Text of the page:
Other than speculation that they might be recruiting players from the ranks of some American club rugby side, how else to explain how a country that can produce the All Blacks is also responsible for the woeful Warriors of the NRL?
The Telstra 2017 NRL Premiership competition came to a merciful end for the Kiwi NRL side. It was their ninth straight loss. That was a club record, although “record” is usually reserved for more positive outcomes.
Much worse was that the 28 – 16 loss came at the paws of West Tigers, the side that has given the city of Sydney a black eye that has proven that even NSW is not immune to ineptitude.
Post-season, when the Warriors look down, they will see only the Tigers, the Gold Coast Titans, who despite their lavish spending on a saviour from afar, could not muster much of anything other than backstabbing during 2017, and the Newcastle Knights below them.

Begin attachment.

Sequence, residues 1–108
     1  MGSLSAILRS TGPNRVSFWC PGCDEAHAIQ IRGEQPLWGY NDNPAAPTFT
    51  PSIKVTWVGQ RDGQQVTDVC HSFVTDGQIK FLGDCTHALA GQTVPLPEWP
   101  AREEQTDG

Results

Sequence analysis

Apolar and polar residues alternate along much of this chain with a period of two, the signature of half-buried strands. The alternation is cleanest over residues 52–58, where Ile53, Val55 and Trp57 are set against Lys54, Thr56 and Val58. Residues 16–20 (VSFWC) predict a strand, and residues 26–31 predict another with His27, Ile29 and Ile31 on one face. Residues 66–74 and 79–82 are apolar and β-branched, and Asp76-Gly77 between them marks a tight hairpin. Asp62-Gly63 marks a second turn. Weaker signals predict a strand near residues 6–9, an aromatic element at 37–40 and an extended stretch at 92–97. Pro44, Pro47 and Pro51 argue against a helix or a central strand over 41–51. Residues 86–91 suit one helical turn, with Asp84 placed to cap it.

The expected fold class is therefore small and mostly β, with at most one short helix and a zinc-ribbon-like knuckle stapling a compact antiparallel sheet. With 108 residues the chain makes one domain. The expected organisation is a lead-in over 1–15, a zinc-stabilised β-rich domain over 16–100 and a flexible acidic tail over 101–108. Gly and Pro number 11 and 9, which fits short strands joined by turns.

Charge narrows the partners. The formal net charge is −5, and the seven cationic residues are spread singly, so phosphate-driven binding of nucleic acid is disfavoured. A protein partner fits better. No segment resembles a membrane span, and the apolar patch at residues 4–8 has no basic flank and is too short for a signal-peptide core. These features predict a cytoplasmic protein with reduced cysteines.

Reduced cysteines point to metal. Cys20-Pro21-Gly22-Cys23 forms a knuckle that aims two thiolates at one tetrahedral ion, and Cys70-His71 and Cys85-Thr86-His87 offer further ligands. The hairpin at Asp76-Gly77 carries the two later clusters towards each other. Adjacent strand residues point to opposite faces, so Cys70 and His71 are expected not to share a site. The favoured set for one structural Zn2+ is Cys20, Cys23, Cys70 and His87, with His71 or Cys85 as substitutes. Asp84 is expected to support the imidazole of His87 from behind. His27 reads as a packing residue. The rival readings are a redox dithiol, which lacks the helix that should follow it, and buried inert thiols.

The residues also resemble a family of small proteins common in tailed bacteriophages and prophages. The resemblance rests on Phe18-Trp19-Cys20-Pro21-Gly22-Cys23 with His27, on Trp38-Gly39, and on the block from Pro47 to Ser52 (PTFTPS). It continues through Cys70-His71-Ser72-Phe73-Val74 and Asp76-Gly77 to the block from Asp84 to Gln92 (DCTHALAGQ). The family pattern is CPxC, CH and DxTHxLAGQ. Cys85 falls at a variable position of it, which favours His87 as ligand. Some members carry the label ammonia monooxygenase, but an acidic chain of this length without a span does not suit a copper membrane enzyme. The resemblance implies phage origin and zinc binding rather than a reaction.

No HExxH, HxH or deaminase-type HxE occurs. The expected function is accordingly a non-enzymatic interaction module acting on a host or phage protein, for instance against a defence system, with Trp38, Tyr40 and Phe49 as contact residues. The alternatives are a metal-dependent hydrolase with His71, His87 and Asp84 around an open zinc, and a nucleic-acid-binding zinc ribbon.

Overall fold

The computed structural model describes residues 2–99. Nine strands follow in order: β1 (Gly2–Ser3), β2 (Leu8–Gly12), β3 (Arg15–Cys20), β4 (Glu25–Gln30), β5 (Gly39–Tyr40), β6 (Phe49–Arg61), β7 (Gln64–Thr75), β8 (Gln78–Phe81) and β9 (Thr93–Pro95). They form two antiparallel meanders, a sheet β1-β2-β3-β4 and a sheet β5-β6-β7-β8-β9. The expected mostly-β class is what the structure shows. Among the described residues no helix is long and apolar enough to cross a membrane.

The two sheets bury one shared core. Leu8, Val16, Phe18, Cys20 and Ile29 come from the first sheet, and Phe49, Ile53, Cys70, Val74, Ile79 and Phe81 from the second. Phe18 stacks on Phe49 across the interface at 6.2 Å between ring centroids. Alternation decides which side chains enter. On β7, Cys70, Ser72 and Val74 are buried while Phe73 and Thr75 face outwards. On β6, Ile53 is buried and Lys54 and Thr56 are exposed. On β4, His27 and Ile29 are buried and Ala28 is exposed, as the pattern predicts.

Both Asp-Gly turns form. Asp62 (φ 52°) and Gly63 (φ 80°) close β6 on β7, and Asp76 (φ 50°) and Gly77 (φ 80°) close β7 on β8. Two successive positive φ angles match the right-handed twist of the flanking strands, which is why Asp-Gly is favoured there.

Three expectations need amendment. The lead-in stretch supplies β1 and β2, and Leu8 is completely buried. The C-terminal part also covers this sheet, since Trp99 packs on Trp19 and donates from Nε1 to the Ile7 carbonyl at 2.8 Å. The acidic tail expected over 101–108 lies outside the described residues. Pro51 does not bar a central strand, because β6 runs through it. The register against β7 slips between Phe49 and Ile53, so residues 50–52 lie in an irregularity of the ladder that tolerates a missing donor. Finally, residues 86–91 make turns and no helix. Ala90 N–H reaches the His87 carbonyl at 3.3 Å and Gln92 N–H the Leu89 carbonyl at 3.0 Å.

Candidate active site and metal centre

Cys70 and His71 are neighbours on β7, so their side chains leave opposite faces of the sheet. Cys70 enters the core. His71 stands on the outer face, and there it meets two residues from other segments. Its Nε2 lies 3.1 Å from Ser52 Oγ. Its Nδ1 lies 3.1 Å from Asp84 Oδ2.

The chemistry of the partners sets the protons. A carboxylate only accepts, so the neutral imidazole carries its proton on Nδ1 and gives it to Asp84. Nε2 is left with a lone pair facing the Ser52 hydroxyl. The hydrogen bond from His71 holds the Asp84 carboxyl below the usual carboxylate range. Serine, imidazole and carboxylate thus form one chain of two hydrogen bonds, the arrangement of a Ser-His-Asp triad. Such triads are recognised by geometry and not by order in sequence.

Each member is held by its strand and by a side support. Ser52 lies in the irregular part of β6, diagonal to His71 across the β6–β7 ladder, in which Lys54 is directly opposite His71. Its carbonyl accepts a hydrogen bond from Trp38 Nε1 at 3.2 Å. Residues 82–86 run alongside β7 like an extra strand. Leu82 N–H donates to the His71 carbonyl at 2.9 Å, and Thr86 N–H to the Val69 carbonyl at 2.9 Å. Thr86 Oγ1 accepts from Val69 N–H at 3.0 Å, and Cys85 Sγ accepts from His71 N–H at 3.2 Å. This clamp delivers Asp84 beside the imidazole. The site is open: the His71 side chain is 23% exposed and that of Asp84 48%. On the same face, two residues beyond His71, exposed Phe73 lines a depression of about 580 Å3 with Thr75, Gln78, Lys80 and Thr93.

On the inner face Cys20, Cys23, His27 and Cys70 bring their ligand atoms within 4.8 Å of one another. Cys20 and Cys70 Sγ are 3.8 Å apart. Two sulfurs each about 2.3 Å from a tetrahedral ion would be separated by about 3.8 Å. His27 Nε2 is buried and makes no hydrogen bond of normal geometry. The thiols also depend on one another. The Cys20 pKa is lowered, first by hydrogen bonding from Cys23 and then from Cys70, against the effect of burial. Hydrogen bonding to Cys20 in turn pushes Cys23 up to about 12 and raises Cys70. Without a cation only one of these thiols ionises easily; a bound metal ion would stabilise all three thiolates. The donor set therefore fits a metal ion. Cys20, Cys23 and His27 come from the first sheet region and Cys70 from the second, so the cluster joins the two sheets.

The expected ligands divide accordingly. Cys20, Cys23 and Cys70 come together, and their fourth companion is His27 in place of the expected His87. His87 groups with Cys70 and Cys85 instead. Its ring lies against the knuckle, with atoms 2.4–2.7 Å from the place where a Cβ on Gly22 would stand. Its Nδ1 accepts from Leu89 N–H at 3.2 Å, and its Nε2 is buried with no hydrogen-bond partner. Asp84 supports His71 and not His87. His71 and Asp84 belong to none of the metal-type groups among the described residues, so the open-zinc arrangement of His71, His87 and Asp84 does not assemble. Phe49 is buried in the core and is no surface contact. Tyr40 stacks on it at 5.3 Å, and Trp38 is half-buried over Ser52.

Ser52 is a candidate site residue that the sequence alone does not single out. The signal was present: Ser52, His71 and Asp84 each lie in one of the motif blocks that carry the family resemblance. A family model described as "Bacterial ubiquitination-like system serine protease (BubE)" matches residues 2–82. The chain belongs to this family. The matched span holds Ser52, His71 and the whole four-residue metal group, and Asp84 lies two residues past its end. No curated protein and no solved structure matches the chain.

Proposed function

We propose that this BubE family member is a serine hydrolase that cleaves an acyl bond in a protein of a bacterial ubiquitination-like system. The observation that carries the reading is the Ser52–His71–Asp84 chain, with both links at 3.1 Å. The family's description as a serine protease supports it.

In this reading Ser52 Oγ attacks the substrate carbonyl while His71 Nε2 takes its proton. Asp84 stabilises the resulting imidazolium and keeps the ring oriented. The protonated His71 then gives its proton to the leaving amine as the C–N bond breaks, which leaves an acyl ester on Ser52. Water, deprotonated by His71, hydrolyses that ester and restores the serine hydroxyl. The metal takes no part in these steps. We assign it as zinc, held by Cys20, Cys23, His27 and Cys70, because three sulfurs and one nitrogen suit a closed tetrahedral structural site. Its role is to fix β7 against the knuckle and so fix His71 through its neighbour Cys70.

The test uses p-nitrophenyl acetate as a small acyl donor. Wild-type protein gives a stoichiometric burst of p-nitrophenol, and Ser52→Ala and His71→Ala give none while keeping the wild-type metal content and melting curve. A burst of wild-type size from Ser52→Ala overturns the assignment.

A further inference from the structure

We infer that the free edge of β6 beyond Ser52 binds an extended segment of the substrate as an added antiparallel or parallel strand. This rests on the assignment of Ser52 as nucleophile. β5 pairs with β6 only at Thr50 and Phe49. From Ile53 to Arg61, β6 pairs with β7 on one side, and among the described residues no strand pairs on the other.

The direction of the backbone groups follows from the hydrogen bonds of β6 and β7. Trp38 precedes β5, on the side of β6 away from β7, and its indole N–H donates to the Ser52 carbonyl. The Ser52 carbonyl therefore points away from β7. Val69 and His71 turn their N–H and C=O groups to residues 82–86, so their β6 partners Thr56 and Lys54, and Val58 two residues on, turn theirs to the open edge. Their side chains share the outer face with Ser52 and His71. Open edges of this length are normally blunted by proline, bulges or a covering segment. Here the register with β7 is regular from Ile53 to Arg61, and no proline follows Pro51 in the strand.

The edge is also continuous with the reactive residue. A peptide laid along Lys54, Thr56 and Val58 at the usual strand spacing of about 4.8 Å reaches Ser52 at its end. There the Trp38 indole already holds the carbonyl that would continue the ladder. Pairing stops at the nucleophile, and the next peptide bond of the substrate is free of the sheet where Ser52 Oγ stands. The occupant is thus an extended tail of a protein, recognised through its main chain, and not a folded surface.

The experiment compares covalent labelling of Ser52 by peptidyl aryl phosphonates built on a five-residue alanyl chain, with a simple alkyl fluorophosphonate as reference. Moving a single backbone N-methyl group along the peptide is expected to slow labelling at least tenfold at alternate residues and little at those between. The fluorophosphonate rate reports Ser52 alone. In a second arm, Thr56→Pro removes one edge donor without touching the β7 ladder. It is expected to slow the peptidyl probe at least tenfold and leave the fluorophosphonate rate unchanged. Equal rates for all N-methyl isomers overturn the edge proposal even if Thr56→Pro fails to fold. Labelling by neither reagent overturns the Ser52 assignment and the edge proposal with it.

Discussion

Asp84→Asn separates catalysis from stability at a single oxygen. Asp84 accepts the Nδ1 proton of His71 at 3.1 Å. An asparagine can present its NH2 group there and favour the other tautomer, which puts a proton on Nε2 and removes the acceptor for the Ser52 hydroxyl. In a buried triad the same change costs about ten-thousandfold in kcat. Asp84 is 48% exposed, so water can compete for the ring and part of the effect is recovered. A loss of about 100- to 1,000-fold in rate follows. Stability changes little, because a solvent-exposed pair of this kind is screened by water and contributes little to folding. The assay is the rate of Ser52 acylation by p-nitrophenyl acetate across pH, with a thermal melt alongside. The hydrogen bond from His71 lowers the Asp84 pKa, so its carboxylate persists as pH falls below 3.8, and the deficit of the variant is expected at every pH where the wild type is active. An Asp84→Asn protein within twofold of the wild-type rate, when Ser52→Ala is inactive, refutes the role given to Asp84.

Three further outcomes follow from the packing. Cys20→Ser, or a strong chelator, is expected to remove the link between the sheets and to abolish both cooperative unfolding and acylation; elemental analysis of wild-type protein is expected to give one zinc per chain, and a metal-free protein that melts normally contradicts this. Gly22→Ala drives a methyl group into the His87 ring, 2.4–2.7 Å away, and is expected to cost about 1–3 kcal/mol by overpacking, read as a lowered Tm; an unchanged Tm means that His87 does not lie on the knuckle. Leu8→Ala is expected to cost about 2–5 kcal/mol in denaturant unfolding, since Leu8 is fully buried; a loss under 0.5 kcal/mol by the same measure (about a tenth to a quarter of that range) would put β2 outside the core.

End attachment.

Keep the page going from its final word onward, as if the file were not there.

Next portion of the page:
The Tigers v Warriors game at Leichardt Oval was never really in doubt, as the Tigers went up 16 – 6 in the first half, as their former utility player Tui Lolohea, now the Tigers five-eighth, sent his old club a message in his first appearance against them. Lolohea scored a try, set up two others and kicked four goals.
Afterwards, the Warriors held a bon voyage party for Ryan Hoffman, Charlie Grubb and Ben Matulino.
The Warriors were without Shaun Johnson and Kieran Foran; both were missing due to injury, but even had they played, it seemed as though the Warriors were going through the motions and were only playing since to do otherwise would have meant refunding admission fees. At least the embarrassing conclusion did not come on their home ground, where fans pundits and just about anyone else has been highly critical of the change in playing style that has taken a proud New Zealand rugby squad to new lows.